Lee Smith (4th Dan)
following interview was conducted
during March 2009...
How did you first get into Karate? What first drew you to Karate? What
made you stay?
I was a
bored 8-year old that hated football. All
of my mates were huge football fans, so I needed something to keep me
occupied. My parents took me to the local sports centre to
see what activities were available. As we walked through the entrance a
huge karate class was being taught – I was immediately hooked
Who have been
your biggest influences in Karate over the years?
I’m lucky in that I have had quite a few. Obviously
Ticky Donovan and Dave Hazard immediately come to mind - the buzz I get
from their lessons is simply fantastic.
my favourite fighters is Paul Alderson. I
trained with Paul on many occasions and also had personal tuition from
him. Paul became the open weight world karate champion in
1996. Paul was a great teacher and a pleasure to know.
Who do you look up to in Karate today? Who do you
think sets a good example of what a true
Karateka should be?
I look up to all of my own students. I
only hope that they are lucky enough to get the same rewards and meet
as many great people as I have during my karate career.
The second part of the question only has one answer
What do you
consider your main achievements in your Karate career so far?
The following spring to mind as particular highlights:
- Ticky Donovan awarding me my 4th Dan in 2003.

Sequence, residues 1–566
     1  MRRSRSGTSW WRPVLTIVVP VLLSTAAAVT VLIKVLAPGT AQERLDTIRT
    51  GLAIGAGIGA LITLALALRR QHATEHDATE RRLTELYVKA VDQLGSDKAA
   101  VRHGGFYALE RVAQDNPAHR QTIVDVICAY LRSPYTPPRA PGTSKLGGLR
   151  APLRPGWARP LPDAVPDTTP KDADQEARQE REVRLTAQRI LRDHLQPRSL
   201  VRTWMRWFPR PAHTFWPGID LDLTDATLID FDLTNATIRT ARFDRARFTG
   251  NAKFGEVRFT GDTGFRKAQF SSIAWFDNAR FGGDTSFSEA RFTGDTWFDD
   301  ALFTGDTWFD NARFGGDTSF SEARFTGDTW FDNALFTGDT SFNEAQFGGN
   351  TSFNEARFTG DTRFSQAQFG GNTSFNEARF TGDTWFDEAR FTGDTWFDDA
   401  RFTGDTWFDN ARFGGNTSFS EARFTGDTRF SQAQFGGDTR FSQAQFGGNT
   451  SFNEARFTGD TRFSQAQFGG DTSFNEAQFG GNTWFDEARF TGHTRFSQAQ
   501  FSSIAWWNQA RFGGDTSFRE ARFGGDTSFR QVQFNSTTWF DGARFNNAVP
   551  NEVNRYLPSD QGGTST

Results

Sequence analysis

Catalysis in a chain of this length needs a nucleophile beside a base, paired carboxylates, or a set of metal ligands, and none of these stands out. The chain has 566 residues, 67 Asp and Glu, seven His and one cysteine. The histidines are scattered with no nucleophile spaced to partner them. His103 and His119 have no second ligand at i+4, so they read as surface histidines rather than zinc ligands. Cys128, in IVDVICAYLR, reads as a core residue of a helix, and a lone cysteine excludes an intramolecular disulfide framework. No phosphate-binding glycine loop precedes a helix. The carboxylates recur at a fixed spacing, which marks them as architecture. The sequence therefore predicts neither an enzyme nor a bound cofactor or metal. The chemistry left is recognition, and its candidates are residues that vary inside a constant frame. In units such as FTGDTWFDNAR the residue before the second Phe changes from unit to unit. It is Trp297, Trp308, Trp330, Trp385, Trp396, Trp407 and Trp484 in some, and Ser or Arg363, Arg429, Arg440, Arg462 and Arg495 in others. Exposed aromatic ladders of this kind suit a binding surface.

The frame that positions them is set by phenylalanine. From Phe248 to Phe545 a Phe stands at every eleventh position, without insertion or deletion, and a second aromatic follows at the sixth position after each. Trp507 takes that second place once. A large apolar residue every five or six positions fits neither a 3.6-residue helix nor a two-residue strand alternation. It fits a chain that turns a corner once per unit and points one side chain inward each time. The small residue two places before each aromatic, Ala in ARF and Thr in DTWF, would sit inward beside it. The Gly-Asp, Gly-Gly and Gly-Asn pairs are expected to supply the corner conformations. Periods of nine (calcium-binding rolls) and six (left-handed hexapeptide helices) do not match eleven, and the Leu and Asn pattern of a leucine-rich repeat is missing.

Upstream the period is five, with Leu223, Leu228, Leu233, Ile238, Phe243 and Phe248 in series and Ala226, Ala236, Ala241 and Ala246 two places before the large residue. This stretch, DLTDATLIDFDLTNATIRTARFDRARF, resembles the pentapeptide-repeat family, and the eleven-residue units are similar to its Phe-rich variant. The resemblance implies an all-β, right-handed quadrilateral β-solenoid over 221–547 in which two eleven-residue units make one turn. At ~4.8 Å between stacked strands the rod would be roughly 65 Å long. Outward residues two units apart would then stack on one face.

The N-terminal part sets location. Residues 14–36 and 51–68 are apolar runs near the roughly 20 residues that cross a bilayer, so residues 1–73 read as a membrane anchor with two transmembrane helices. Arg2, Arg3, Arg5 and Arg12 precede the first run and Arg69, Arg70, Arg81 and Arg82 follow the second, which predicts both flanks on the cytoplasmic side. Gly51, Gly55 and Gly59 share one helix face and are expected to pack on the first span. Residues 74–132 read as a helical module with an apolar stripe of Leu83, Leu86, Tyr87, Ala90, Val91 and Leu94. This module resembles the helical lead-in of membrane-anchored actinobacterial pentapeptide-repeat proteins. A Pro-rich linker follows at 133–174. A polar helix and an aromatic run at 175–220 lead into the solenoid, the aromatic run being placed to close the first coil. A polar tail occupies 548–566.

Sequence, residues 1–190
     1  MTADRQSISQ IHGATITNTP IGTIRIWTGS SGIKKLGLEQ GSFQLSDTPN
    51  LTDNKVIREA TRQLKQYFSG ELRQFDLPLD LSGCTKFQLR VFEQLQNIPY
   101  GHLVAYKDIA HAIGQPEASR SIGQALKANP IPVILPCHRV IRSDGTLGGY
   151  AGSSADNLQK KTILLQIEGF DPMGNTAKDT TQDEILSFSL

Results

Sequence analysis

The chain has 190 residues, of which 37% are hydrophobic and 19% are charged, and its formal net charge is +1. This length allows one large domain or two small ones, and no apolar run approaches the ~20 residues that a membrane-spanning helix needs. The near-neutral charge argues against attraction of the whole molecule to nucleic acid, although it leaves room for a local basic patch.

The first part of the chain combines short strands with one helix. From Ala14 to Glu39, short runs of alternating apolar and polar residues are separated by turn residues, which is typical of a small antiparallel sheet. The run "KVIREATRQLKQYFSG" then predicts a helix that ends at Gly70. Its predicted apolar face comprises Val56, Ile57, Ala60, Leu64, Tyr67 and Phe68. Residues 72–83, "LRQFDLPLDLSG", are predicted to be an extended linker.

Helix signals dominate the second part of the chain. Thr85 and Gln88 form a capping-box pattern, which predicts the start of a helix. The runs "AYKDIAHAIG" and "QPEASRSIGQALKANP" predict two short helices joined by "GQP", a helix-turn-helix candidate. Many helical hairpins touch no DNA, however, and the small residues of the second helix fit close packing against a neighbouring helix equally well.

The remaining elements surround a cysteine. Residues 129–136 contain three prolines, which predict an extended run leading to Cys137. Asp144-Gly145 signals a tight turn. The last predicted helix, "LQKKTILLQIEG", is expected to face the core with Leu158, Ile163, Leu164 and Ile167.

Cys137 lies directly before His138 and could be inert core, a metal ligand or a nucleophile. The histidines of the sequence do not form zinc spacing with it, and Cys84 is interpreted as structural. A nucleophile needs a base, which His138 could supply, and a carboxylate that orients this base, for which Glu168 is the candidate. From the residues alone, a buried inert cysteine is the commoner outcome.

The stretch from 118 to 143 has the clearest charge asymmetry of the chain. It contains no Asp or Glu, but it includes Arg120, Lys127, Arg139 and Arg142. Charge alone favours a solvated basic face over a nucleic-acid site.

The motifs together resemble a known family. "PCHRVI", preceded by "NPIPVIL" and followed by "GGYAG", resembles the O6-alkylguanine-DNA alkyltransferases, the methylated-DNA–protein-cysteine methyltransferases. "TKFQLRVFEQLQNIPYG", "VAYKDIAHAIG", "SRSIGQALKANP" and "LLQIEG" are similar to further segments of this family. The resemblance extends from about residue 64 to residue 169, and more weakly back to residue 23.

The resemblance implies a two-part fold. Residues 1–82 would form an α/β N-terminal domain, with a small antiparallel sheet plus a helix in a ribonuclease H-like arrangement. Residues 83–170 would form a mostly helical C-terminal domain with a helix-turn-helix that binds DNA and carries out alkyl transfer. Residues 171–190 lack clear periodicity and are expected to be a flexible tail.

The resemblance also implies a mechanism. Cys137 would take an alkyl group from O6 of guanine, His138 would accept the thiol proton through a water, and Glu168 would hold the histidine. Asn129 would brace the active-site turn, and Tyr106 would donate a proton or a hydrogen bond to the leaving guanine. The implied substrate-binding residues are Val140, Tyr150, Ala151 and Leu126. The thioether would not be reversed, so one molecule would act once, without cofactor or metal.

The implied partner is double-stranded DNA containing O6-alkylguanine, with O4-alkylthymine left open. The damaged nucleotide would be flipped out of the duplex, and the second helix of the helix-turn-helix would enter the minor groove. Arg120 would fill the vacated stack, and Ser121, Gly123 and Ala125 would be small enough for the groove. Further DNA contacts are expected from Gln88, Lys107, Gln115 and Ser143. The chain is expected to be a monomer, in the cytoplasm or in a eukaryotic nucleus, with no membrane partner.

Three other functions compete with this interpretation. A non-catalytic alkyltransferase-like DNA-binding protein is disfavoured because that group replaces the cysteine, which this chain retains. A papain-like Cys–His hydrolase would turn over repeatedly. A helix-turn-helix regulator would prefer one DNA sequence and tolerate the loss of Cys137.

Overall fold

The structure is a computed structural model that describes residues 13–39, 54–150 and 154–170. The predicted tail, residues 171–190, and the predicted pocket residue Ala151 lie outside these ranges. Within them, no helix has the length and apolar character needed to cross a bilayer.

- Representing Ishinryu in the 3on3
kumite competition (twice).
- Being invited to instruct on the annual Ishinryu
Summer Course, where I continue to teach every year.
- Being selected by Ticky
Donovan to fight in the English championships on the Ishinryu ‘A’ team
along with Greg Francis, Ian Cole, Frank Lee-Sang, and of course, Paul
What about the future? What karate
ambitions do you have moving forward?
I’m still very active in my own training. I believe
it is extremely important to remain sharp when teaching.
As regards to my ambitions I thrive on seeing my students
succeed. It is such a great feeling to see one of your own
students awarded for their efforts. I will continue to help
my students succeed for as long as I can.
What is your
attitude to teaching? What teaching techniques do you think work best?
How do you aim to get the best out of your students?
I try to get to know the capabilities of each of my students as quickly
possible. I treat all my students the same, regardless of
grade or achievements. However, gaining respect from your
students is a must – this is how I get the best from my
students. But you can’t just demand respect - you have to
would you give to anyone considering taking up karate at Woodlane?
If you want to learn good solid karate – come to Woodlane. We have a
tolerance towards politics at this club – the focus is completely on
Ishinryu training has taken place at Woodlane for many years.
Why has Woodlane thrived so long while other clubs
have come and gone? What’s special about this club?
You could call Woodlane the heart of Ishinryu, as
this is the club where it all started back in the 1970’s. And today
this club continues to go from strength to strength.
Woodlane is built from its students, and these
students consist of different types; some like to compete, while others
prefer to focus on progressing through the grading syllabus. Others
find the social side of this club very rewarding.
Woodlane is all about good solid karate – this is
why this club continues to thrive.